Eraser – Securely Delete Your Files

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I’ve previously discussed why you shouldn’t just throw out or recycle your computer without wiping the drive first to protect your identity and files in a 404 Tech Support article Before you recycle/garbage that old computer. If you’re deleting files from your computer that need to be kept from prying eyes, you should be using a secure deleting application for the same reason. The open-source application I recommend for that task comes in the form of Eraser 6.

The same analogy used in the previous article holds true for justifying why you should use Eraser 6. A file on a disk can be compared to a house in a neighborhood. In Windows, when you delete a file (even Empty the recycle bin) all you really did is take the address off the house and put up a ‘lot for sale’ sign.

If somebody knows where to look, they’ll be able to find it until a new file comes in and takes over that space. A secure deleting tool comparably bulldozes the house and fills the lot with a bunch of random bricks and mortar with the ‘lot for sale’ sign still up in the yard.

Eraser 6 is a free, open-source application hosted on SourceForge and with its own site at http://eraser.heidi.ie/. The current version of Eraser 6.0.6 supports Windows XP, Vista, and Windows 7. An older version (5.7) is still kept around to support Windows 9X/ME. While Eraser 5.8.8 provides a portable version that you can throw on your USB jump drive to take with you for your erasing needs on the go.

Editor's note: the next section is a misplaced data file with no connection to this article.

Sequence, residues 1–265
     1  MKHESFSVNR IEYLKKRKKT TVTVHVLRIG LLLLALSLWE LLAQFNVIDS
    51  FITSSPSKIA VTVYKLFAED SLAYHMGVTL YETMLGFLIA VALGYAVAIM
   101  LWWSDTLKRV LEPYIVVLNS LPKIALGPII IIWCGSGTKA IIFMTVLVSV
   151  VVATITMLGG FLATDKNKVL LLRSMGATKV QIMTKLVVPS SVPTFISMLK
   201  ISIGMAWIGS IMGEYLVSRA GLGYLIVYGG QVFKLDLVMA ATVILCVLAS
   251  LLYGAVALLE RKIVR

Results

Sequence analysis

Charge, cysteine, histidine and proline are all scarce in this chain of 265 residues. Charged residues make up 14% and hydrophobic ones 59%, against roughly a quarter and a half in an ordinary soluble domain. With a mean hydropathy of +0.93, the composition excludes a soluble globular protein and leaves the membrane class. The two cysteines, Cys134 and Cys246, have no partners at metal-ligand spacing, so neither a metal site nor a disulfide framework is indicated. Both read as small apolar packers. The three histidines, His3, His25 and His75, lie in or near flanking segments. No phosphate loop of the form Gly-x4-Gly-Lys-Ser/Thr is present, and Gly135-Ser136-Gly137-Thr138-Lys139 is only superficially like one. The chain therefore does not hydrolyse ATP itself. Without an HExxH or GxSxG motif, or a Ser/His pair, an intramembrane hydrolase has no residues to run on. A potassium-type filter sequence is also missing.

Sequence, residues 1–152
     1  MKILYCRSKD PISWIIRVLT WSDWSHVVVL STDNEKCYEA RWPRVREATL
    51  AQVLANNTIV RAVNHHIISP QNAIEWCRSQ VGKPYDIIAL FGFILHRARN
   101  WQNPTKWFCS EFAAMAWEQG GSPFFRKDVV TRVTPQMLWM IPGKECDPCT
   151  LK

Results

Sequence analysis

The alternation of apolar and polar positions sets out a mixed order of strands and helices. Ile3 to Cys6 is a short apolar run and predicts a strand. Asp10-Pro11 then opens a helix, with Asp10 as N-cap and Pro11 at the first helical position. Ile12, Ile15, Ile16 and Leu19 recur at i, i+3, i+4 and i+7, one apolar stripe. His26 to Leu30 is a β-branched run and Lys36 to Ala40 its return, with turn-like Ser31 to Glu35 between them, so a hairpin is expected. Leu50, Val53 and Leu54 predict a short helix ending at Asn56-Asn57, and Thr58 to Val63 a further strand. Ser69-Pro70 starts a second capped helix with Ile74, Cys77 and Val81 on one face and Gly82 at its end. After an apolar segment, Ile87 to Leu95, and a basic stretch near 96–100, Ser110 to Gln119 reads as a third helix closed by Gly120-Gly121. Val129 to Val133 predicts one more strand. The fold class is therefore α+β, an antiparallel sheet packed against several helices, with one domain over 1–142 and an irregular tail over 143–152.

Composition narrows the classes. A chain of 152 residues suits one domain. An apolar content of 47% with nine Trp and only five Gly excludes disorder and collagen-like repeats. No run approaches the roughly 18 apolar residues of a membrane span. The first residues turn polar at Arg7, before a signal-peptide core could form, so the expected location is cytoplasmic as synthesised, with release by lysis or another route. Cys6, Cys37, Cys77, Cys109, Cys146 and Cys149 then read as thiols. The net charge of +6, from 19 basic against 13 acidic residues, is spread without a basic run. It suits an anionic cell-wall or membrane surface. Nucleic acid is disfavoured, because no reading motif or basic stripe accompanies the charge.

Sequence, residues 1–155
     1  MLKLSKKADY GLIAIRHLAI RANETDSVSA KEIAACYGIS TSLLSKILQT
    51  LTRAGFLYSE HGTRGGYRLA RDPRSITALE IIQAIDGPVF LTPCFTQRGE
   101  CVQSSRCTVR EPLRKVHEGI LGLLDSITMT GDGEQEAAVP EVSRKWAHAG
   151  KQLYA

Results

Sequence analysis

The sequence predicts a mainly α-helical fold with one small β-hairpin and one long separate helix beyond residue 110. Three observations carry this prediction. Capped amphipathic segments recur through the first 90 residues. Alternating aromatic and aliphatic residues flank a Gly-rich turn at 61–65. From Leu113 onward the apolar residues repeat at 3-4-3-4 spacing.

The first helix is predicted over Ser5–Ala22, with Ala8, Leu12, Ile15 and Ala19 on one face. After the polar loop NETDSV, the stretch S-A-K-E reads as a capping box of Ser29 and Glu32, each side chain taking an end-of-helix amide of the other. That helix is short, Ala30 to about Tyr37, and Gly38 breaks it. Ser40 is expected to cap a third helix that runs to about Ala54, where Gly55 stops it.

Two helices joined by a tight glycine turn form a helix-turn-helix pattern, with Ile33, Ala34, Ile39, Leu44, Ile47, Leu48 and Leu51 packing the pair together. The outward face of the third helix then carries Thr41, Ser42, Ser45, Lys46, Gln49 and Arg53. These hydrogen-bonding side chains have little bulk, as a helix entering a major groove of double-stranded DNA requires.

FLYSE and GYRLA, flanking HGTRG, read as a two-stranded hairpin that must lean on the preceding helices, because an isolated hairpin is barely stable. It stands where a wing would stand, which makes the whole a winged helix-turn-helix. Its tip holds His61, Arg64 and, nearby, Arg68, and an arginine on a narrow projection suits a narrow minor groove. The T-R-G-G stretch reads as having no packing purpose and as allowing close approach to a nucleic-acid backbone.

Installing the latest version of Eraser gives you the option of integrating Eraser in the the Explorer context menu. This allows you to right-click a file or folder and choose to Erase the file or Erase it upon restart. You can also drag directories or files into the Eraser window to delete them immediately. Be careful with this latest version though, there’s no prompt for confirming the process. While erasing, the system tray icon (a red nuclear symbol) will pulsate. For single files this will only take a few seconds, but for big files and folders this can take a bit of time. The amount of time taken will also depend upon the method used to write over the files and how many passes it makes. All of this can occur in the background so time doesn’t seem like it should be too much of a problem. A bigger factor should be the resources it consumes as it runs in the background as a service. While Eraser was actively deleting a large directory it used between 55-70MB of memory, while just idling it used only a few MBs.

A cool feature of Eraser is that you can set up tasks. These can be run manually, immediately, or scheduled to run at restart or a recurring time (hourly, daily, or weekly). I like this flexibility because it allows me to adapt Eraser to my needs. Let’s say I make my own “last chance” directory. Any files that get moved into the C:DeleteMe directory will get deleted every Friday at 5:00 or if a log is written every week to a directory and we delete it for privacy reasons after keeping it around for troubleshooting purposes, we could add a directory and filters to only include that file to get deleted regularly. You can also have it Empty and Erase the Recycle Bin contents regularly so you don’t even have to change your regular habits.

You can also configure Eraser so that certain files or folders are placed where the erased files were in case it’s needed for plausible deniability.

You can download Eraser and learn more from its homepage.